“You’ve lived here too long – you won’t melt… you know!”
Comment not made by myself but one made to my husband, the handsome Scot, by a friendly female visiting New York from Scotland trying to cajole him out of his gloom after describing the scene on looking out his office window tucked into the woods in Connecticut. One of ‘those’ discussions ensued – you know the one – the one that has no real end, lots and lots of middle bits that could potentially go one and on. The rain reminded me of the Scottish rain, how we Scots wouldn’t stop for a ‘wee bit o’ rain’. After all, if we did, we wouldn’t get anything done as it seems to rain all the time! And we certainly don’t melt! We just get on with it… So out we went… But yesterday was different…
The rain didn’t really remind me of Scottish rain. We were having heavy, relentless, pounding, soaking wet rain! The car park we were looking out on, after having braved said rain, quickly flooded, the drops all flowing together forming their own wee rivers trying to find a quick way out. The conversation had moved from the particular type of rain (I do believe we Scots have as many words to describe rain as Eskimos have to describe snow) to – do we run from the car to the restaurant – but won’t that make you more wet? Perhaps we walk as normal… The conversation meandered on, with other side bar mini conversations trying to break in as the rain eased for a few minutes, but always finding its way back – … we were daft to go out in this… but you won’t melt… you know!
Most of us Scots love talking about the weather, it provides us with a readymade conversation that you can pull out and use whenever you feel caught short and usually guarantees a wee smile and possibly even a laugh if you are lucky and the weather here in the northeast has not let me down. It will lull you into a state of calm where you nearly do forget about the weather, till speaking to a fellow Scot, who will dreamily say “Will you look at that blue sky… there’s no clouds…..” a phenomenon not well known in Scotland. Then with little warning, it turns into this ferocious lion with frightening speed. The storm that grew out of the heaviest of heavy rain yesterday generated thunder and lightning and crazy winds that brought a huge tree down across the driveway in the middle of the night with a resounding thud easily heard against the roar of the storm. Head under the duvet seemed a good plan to me.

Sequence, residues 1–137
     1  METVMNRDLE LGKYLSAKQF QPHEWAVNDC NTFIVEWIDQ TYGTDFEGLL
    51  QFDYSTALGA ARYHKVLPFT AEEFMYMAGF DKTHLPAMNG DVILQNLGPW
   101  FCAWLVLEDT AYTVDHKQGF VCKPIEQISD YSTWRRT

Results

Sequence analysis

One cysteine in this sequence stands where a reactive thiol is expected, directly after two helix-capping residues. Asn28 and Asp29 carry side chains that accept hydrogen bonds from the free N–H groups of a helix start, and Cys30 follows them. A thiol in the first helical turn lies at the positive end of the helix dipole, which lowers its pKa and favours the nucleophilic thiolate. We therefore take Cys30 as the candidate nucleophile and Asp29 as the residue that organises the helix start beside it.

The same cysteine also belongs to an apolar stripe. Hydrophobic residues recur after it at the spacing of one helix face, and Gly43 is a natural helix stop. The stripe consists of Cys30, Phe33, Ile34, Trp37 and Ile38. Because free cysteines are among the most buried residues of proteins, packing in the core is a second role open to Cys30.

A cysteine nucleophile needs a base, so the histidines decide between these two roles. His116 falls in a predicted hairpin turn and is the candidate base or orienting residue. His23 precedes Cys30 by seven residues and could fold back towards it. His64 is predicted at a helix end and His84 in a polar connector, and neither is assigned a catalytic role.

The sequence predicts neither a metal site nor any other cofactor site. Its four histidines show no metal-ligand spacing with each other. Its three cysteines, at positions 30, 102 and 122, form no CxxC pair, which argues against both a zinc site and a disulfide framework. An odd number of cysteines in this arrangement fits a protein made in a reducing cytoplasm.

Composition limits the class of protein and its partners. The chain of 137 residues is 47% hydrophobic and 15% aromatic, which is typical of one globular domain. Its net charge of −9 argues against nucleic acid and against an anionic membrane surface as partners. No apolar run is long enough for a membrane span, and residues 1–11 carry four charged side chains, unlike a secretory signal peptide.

On waking this morning all was still, too still, the power had been knocked out by the storm. The handsome Scot starts to work with the chainsaw. Rakes, brushes and many wheelbarrow dumps provided me with enough exercise for the week as gradually, limb by broken limb, the felled tree was removed.
So once again I think of Scotland, the predictability and strange peace that comes with the Scottish rain, the bleakness of the landscape and how it can still be beautiful and find myself smiling. Then I remember the gentle rain that often feels more like a mist enveloping you as it comes down and around you like a damp cloak, and as if on que, feel myself shiver.